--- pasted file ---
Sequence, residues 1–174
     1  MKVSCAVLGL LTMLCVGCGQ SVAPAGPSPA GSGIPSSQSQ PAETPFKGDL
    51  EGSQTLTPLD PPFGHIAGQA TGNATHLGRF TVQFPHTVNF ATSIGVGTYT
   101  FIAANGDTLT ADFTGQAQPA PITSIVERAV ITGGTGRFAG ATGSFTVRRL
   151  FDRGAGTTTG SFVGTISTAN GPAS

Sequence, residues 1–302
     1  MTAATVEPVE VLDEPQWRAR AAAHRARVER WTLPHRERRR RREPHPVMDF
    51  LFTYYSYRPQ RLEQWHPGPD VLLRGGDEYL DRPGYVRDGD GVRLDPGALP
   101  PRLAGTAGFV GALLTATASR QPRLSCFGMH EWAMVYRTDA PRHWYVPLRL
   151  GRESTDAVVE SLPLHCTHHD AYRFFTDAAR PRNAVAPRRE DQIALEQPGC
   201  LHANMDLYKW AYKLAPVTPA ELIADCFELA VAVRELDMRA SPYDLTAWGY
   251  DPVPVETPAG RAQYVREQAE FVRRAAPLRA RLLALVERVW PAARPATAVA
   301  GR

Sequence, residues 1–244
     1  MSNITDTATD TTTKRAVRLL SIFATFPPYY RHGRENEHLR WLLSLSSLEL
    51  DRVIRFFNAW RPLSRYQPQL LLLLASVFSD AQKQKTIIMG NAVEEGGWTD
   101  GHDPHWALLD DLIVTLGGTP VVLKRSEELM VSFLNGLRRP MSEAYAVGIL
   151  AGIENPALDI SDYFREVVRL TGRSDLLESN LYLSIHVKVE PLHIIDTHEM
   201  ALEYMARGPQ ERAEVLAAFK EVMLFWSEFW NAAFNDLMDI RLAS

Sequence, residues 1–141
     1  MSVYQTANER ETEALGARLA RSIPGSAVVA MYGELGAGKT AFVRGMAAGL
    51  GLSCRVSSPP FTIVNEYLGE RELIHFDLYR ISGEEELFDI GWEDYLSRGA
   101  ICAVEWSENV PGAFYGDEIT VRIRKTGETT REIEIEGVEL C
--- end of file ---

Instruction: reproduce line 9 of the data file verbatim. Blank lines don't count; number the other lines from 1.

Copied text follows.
   101  PRLAGTAGFV GALLTATASR QPRLSCFGMH EWAMVYRTDA PRHWYVPLRL